❝ A photo of Juli Briskman flipping off President Trump’s motorcade while riding her bike went viral, and now, her employer – Akima LLC – has fired her for it…
❝ She was told that the snap — which Briskman made her profile picture on Twitter and Facebook — violated Akima’s social media policy, even though she didn’t have the company listed as her place of work anywhere on either platform. She said that she emphasized to the company that she wasn’t working when the photo was taken but was told, as a government contractor, Akima’s business could be hurt by the shot.
Unsurprising; but, the company recently reprimanded a male employee for deliberate obscene pejorative statements online clearly identifying him as an employee of Akima. He kept his job. Chickenshit management is sufficiently scared of our Fake President – and careless of freedom of expression by women – to increase the penalty for such expression to firing.
My suggestion is one of the oldest around the world, free country or not. Boycott the bastards. Any contact with Akima, business or otherwise? Shut it off. Don’t spend a penny in any way which might benefit their balance sheet. Let them know that the rights of working people are supposed to be as important as the president – fake or otherwise.
❝ Why don’t more politicians attempt to make marijuana legalization a national issue?
Harry Enten over at FiveThirtyEight looked at the polling last week and wondered about it. And the numbers are impressive. As he reports, almost two-thirds of Americans backed legalization in one recent poll, and while Democrats are somewhat more likely to favor it, the gap between the parties is unusually small for a policy question. Enten suspects that a big reason no politician has taken it up as a national issue is that they just haven’t caught up with the rapidly moving shift in public opinion.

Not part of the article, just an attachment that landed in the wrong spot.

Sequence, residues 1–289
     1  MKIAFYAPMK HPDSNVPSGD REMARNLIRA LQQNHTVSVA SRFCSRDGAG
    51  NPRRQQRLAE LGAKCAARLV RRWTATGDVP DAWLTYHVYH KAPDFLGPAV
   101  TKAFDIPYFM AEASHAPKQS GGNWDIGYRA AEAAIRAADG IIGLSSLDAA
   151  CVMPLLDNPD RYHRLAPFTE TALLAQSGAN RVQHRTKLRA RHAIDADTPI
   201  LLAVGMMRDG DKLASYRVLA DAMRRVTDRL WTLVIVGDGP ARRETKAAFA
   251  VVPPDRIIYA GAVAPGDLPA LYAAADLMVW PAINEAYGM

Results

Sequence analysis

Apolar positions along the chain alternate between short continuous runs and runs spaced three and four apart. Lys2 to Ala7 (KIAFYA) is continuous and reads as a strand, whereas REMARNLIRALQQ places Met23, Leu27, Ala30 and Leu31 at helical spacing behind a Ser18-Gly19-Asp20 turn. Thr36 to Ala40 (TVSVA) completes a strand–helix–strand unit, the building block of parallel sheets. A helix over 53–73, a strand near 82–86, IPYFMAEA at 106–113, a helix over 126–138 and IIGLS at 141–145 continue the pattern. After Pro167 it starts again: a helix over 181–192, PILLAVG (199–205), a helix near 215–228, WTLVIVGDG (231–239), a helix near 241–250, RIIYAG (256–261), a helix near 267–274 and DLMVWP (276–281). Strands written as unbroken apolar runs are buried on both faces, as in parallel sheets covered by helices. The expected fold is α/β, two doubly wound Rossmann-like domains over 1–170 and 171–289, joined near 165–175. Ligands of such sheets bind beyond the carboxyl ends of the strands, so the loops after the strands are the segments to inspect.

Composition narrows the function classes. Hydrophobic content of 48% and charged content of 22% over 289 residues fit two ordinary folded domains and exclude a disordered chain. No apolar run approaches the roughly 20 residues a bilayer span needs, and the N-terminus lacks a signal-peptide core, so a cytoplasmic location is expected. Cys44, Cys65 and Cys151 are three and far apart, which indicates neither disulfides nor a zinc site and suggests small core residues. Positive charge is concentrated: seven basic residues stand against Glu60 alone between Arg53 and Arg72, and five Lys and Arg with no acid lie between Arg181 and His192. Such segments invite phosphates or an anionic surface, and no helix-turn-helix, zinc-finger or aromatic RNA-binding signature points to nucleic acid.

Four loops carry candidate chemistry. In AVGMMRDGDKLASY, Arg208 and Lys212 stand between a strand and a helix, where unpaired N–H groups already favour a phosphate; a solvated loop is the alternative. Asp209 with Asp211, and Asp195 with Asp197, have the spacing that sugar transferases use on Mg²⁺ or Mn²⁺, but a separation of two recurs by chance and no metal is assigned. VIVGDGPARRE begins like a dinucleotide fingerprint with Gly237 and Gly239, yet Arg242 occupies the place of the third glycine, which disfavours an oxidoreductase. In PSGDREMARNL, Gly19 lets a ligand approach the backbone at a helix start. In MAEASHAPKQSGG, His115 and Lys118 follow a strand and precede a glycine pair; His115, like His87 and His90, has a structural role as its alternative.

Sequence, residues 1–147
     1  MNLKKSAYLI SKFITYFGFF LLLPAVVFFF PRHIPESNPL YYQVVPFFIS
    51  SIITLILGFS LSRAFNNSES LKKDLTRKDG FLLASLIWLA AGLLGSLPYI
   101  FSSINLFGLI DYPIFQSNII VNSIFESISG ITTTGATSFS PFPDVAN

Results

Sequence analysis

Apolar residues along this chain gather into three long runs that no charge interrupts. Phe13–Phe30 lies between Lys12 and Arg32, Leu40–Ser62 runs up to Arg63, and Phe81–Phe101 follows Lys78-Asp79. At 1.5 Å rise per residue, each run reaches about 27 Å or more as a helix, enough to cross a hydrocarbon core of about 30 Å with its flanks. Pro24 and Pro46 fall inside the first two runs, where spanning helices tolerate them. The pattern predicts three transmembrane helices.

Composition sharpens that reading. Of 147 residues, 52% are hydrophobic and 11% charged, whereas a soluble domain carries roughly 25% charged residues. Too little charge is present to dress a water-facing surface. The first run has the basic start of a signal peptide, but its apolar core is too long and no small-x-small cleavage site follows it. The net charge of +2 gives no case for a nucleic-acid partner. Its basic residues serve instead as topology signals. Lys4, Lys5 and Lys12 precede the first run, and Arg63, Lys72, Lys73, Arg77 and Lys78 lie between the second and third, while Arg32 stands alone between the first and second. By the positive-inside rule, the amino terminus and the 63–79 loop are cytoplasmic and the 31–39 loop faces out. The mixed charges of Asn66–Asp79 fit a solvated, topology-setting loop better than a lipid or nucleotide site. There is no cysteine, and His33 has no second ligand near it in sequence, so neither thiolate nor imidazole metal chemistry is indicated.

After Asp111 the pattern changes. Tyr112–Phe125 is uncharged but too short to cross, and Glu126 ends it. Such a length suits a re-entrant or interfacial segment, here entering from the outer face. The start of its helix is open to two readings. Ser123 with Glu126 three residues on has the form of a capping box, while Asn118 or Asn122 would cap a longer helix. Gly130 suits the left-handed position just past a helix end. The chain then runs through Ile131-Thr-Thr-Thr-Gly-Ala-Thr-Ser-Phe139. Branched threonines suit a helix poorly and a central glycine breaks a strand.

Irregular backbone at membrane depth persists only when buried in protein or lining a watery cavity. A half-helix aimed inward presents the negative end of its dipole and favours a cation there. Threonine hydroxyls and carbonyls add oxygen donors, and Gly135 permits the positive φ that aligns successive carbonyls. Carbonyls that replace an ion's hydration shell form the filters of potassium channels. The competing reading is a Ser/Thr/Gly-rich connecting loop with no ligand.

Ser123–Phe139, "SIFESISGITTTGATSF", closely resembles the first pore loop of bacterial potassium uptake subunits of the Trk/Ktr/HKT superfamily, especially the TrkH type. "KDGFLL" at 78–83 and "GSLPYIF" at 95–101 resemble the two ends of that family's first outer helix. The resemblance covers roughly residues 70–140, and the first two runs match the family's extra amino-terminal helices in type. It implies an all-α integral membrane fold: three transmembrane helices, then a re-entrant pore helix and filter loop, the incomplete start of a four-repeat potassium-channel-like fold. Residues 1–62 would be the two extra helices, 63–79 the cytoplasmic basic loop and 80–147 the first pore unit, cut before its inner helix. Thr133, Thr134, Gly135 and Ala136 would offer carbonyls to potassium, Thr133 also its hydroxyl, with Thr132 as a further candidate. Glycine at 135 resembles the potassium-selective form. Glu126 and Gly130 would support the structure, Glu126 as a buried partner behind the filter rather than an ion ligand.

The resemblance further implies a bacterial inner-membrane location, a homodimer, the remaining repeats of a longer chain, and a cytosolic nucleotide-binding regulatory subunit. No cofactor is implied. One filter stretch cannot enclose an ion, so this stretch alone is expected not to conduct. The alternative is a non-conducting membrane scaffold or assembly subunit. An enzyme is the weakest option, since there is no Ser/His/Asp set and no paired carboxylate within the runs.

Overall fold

❝ That’s possible. But I can think of some other reasons.
RTFA to check out what Jonathan Bernstein thinks are the reasons.
Poisonally, I think chickenshit politicians have chickenshit reasons to rationalize away most progressive action. Followed closely by cowardly reasons they use to rationalize away most action that might jeopardize re-election in the slightest.
❝ It is insufficient to state the obvious of Donald Trump: that he is a white man who would not be president were it not for this fact. With one immediate exception, Trump’s predecessors made their way to high office through the passive power of whiteness — that bloody heirloom which cannot ensure mastery of all events but can conjure a tailwind for most of them. Land theft and human plunder cleared the grounds for Trump’s forefathers and barred others from it. Once upon the field, these men became soldiers, statesmen, and scholars; held court in Paris; presided at Princeton; advanced into the Wilderness and then into the White House. Their individual triumphs made this exclusive party seem above America’s founding sins, and it was forgotten that the former was in fact bound to the latter, that all their victories had transpired on cleared grounds. No such elegant detachment can be attributed to Donald Trump—a president who, more than any other, has made the awful inheritance explicit.
❝ The first white president in American history is also the most dangerous president—and he is made more dangerous still by the fact that those charged with analyzing him cannot name his essential nature, because they too are implicated in it.
One of the best pieces of the type I have read in months. There are many paragraphs which sound like they need criticism at their entry – and complete themselves with insight.
A worthwhile read, my friends.